Life expectancy in the U.S. ticked upward in 2022, following two years of significant declines driven primarily by the Covid pandemic, according to a Centers for Disease Control and Prevention report published Wednesday.
The CDC data showed that life expectancy at birth — how long a baby born in a particular year is expected to live — was 77.5 years in 2022, a 1.1-year increase from 2021.
The number, however, still lags behind what U.S. life expectancy was in 2019: 78.8 years.
“We had this dip during the Covid-19 pandemic and we’re clawing our way back to the numbers we saw in 2019,” said Steven Woolf, director emeritus of the Center on Society and Health at Virginia Commonwealth University.
Other wealthy nations also saw dips in 2020, but their life expectancies began to climb again in 2021, when vaccines and better Covid treatments were introduced. In the U.S., life expectancy fell even further in 2021.
“To see an increase now in 2022 is great — we finally stopped the horrific worsening of mortality conditions in the United States,” said Ryan Masters, an associate professor of sociology at the University of Colorado, Boulder. “But it’s coming a year later than what other comparable countries experienced and it’s only marginally scratching the surface of improving mortality conditions for Americans.”
Prior to the pandemic, life expectancy in the U.S. had largely plateaued, while in other countries it continued to climb.
“The U.S. had already been doing quite poorly compared to other countries,” Woolf said. “The gap between the U.S. and other countries is now enormous.”
Fewer Covid deaths driving life expectancy bump
The increase in life expectancy in 2022 was mainly driven by the sharp drop in Covid deaths that year, according to the CDC report. Smaller decreases in deaths from other causes, including cancer, heart disease, homicide and unintentional injuries, also contributed to the rise.
The CDC researchers said the increase in life expectancy would have been greater had there not been a rise in deaths from pneumonia and the flu, malnutrition, kidney disease, birth defects and perinatal deaths.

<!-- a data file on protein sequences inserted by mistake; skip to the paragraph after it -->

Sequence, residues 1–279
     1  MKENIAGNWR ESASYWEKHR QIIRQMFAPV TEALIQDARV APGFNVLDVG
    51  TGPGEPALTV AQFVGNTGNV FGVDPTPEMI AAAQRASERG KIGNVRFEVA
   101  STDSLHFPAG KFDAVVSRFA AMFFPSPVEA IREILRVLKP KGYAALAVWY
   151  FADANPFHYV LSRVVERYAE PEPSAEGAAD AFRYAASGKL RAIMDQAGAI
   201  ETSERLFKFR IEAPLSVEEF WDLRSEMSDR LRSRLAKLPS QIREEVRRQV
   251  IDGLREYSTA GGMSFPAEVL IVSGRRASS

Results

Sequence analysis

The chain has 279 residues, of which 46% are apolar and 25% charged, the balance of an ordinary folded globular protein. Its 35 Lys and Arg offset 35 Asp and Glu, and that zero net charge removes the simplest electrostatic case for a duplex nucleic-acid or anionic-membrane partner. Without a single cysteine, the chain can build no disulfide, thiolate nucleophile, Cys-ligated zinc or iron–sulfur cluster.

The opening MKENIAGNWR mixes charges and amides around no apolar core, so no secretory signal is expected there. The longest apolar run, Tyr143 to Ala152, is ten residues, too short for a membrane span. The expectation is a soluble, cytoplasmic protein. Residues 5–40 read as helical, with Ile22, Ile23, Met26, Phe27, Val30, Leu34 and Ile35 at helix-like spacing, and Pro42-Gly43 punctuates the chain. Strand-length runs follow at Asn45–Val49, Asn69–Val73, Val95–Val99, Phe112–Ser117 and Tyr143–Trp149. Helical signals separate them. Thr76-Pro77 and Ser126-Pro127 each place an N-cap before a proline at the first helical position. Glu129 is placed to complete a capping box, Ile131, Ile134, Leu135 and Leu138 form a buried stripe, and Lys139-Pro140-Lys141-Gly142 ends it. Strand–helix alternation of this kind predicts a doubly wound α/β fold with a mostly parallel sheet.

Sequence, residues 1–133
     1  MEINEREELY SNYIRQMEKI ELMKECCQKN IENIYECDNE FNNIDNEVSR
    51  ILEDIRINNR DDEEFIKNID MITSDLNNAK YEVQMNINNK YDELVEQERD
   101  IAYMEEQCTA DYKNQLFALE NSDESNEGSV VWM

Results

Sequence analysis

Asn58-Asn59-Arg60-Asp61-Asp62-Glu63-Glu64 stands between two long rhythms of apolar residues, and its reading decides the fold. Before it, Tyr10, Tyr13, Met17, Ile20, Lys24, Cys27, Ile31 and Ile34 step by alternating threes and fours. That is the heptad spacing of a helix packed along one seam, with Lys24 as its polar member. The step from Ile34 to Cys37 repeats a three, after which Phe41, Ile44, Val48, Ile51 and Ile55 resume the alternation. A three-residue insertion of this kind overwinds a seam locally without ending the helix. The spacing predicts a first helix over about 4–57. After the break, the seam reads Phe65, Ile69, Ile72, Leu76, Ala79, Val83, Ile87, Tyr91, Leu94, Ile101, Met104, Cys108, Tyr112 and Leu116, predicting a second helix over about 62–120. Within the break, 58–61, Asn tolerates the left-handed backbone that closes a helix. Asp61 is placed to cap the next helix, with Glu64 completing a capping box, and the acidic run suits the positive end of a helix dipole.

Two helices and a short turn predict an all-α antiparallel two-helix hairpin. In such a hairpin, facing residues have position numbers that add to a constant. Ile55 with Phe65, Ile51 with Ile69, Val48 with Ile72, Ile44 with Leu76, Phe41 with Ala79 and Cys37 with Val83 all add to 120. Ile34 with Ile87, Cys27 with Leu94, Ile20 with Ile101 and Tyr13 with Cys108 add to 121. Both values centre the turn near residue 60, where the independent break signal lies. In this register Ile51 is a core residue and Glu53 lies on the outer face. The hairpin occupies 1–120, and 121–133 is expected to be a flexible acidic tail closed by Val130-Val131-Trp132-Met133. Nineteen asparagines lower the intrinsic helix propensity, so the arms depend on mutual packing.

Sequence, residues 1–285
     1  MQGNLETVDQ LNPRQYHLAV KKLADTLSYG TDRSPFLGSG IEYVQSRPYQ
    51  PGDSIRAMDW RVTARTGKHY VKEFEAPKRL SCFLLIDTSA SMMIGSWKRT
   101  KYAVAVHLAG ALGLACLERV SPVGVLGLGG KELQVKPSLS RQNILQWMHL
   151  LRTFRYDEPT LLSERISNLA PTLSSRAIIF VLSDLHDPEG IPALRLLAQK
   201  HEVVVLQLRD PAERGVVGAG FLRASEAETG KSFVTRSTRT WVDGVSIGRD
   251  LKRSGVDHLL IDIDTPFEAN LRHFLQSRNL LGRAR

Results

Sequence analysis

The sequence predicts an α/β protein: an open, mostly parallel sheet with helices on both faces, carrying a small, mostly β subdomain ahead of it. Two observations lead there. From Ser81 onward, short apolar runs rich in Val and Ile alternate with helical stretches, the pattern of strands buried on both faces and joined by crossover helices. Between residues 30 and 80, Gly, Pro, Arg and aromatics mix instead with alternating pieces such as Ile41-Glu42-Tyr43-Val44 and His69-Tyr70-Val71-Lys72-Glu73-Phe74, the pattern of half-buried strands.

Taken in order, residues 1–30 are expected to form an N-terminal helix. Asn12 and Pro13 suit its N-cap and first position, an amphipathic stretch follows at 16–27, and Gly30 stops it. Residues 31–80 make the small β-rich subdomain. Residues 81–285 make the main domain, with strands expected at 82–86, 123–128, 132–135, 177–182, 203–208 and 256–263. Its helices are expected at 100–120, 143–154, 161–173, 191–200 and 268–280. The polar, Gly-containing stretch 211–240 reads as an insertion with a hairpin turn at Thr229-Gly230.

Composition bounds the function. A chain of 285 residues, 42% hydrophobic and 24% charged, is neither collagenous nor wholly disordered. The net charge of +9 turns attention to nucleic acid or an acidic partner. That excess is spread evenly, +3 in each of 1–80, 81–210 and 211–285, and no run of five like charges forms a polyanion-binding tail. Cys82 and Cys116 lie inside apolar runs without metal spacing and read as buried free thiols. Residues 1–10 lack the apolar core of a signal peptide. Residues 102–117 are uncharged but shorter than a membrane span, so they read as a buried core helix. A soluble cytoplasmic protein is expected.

Woolf said the slight increase in flu and pneumonia deaths seen in 2022 — which had the biggest impact on blunting life expectancy — isn’t something to be worried about. Rather, the numbers illustrate a rebound effect: Deaths from non-Covid viruses fell drastically due to masking and physical distancing during the first phase of the pandemic. “Now it’s really returning to normal levels,” he said.
While the unintentional injury category — which saw a decrease — does include overdose deaths, Woolf noted there has not been a drop in these particular deaths, as the opioid epidemic rages on. Instead, he said it was a decrease in car accidents, which had increased nearly 7% during 2020, that caused the drop.
Malnutrition rising across the country
The CDC report also highlighted what experts say is an alarming increase in deaths from malnutrition in 2022. The researchers estimated these deaths are behind 13% of the downward pull on overall life expectancy.
A study published earlier this month in the journal BMJ Medicine found deaths from malnutrition in the U.S. increased nearly 2.5-fold between 1999 and 2020.
Dementia and poverty have both been on the rise, particularly among older adults in the U.S., said Dr. Deborah Kado, a professor of geriatric medicine in the Stanford University department of medicine’s division of primary care and population health.
“Both the loss of cognition as well as loss of income can lead to worse malnutrition,” she said.
Racial disparities remain
Perinatal mortality, which refers to stillbirth after the 28th week of pregnancy and newborns in the first week of life, increased overall, and contributed 15% to the blunting of life expectancy in 2022, compared to the year before.
Perinatal mortality was starkest among Black Americans, highlighting deep-seated racial health disparities. It contributed to nearly 60% of the negative pull on life expectancy for Black Americans, at least double the rate of any other race or ethnicity.
While American Indians and Alaska Natives saw the largest increases in life expectancy between 2021 and 2022, they still experienced the shortest life expectancy — 65.6 years for men and 67.9 years for women — nearly two decades shorter than Asian Americans, who have the highest life expectancy. Unintentional injuries were the largest factor keeping life expectancy from rising more among American Indians and Alaska Natives in the U.S.
Despite improvements, Masters warned the U.S. still has a long way to go in improving public health, a lag that started long before the pandemic.
The pandemic “was not a health shock as much as people want to portray it to be,” he said. “For the 40 years leading up to the pandemic, the United States was distinguishing itself as being quite poor in health and mortality outcomes.”